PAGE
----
development processes.
c. The integral processes that ensure the correctness and control of, and confidence in
the software life cycle processes and their outputs. The integral processes are the
software verification process, the software configuration management process, the
software quality assurance process, and the certification liaison process. It is
important to understand that the integral processes are performed concurrently with
the software planning and development processes throughout the software life cycle.
Sections 6 through 9 describe the integral processes.
3.2
Software Life Cycle Definition
A project defines one or more software life cycle(s) by choosing the activities for each
process, specifying a sequence for the activities, and assigning responsibilities for the
activities.
For a specific project, the sequencing of these processes is determined by attributes of the
project, such as system functionality and complexity, software size and complexity,
requirements stability, use of previously developed software, development strategies, and
hardware availability. The usual sequence through the software development processes is
requirements, design, coding, and integration.
Figure 3-1 illustrates the sequence of software development processes for several
components of a single software product with different software life cycles. Component
W implements a set of system requirements by developing the software requirements,
using those requirements to define a software design, implementing that design into
Source Code, and then integrating the component into the hardware. Component X
illustrates the use of previously developed software used in a certified product.
Component Y illustrates the use of a simple, partitioned function that can be coded
directly from the software requirements. Component Z illustrates the use of a prototyping
strategy. Usually, the goals of prototyping are to better understand the software
requirements and to mitigate development and technical risks. The initial requirements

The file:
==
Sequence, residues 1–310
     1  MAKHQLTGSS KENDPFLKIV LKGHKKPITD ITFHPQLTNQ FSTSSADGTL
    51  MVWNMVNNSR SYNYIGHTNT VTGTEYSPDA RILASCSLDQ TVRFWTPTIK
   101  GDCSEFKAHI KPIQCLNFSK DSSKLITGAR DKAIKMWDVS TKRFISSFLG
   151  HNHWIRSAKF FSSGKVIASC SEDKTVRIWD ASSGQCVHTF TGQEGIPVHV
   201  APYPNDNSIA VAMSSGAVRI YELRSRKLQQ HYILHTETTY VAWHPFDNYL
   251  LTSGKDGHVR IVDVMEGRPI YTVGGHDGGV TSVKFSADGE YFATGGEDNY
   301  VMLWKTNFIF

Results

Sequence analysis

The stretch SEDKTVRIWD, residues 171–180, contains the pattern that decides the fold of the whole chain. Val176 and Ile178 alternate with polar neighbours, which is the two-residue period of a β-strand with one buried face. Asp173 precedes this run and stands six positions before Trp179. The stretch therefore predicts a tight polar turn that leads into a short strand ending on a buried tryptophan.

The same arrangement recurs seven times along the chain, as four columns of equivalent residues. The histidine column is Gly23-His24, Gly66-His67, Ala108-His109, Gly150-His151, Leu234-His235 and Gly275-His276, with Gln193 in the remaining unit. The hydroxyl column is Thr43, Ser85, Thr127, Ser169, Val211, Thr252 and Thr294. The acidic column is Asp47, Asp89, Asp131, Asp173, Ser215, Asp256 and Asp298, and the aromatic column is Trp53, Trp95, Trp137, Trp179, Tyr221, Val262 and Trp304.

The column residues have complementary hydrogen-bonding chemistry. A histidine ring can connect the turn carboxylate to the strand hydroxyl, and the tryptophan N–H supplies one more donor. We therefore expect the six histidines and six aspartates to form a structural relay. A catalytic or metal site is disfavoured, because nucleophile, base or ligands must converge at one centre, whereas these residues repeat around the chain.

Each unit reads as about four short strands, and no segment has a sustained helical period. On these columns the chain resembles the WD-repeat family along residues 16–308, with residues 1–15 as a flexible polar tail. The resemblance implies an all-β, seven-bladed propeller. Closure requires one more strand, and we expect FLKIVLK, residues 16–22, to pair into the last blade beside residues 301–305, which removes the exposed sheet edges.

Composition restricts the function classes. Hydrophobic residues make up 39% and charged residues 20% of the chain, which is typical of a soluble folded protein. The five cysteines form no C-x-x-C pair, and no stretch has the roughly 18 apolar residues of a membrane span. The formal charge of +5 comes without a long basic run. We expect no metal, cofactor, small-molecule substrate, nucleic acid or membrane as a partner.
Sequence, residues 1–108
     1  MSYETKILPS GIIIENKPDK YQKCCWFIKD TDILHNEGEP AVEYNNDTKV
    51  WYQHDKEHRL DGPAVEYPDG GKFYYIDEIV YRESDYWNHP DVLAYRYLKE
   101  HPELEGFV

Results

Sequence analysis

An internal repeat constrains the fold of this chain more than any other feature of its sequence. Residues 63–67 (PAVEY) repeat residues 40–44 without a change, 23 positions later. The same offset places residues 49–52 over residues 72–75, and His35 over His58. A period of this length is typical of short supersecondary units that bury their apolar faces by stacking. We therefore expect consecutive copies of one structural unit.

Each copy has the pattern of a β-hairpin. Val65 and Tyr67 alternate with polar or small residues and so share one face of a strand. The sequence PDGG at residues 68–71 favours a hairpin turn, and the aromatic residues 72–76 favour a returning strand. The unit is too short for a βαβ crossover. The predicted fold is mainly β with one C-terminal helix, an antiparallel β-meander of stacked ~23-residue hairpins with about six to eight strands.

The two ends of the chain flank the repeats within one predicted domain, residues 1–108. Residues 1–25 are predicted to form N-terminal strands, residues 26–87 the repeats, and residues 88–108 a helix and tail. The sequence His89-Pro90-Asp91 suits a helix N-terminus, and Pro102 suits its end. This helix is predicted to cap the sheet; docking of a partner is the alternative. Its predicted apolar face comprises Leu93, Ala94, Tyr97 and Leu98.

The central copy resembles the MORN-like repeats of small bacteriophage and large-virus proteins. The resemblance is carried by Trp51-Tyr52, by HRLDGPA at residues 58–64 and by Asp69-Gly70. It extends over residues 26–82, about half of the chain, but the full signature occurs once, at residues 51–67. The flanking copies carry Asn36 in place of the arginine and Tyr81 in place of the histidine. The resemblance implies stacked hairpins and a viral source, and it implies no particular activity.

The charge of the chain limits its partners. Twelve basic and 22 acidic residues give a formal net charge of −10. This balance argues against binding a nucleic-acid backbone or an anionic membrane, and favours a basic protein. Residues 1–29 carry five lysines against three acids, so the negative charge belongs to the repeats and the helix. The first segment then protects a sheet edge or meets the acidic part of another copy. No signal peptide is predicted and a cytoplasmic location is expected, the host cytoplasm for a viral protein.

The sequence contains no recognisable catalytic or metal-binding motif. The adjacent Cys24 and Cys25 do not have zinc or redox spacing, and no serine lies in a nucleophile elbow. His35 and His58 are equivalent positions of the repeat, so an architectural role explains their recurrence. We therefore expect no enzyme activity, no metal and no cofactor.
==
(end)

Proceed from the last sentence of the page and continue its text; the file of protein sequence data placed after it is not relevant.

are used as the basis to implement a prototype. This prototype is evaluated in an
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environment representative of the intended use of the system under development. Results
of the evaluation are used to refine the requirements.
The processes of a software life cycle may be iterative, that is, entered and re-entered.
The timing and degree of iteration varies due to the incremental development of system
functions, complexity, requirements development, hardware availability, feedback to
previous processes, and other attributes of the project.
The various parts of the selected software life cycle are tied together with a combination
of incremental integration process and software verification process activities.
System Requirements
Allocated to Software
Software Components:
Component W ……..
R-D-C-I
Component X ……..
R-I
Component Y ……..
R-C-I
Component Z ……..
R-C-I-C-I-R-D-C-I
Software Product
Legend:
R
D
Requirements
Design
C
I
Coding
Integration
Note: For simplicity, the software planning and integral processes are not shown.
Figure 3-1 Example of a Software Project Using Four Different Development
Sequences
3.3
Transition Criteria Between Processes
Transition criteria are used to determine whether a process may be entered or re-entered.
Each software life cycle process performs activities on inputs to produce outputs. A
process may produce feedback to other processes and receive feedback from others. The
definition of feedback includes how information is recognized, controlled, and resolved
by the receiving process. An example of a feedback is problem reporting.
The transition criteria will depend on the planned sequence of software development
processes and integral processes, and may be affected by the software level. Examples of
transition criteria that may be chosen are: the software verification process reviews have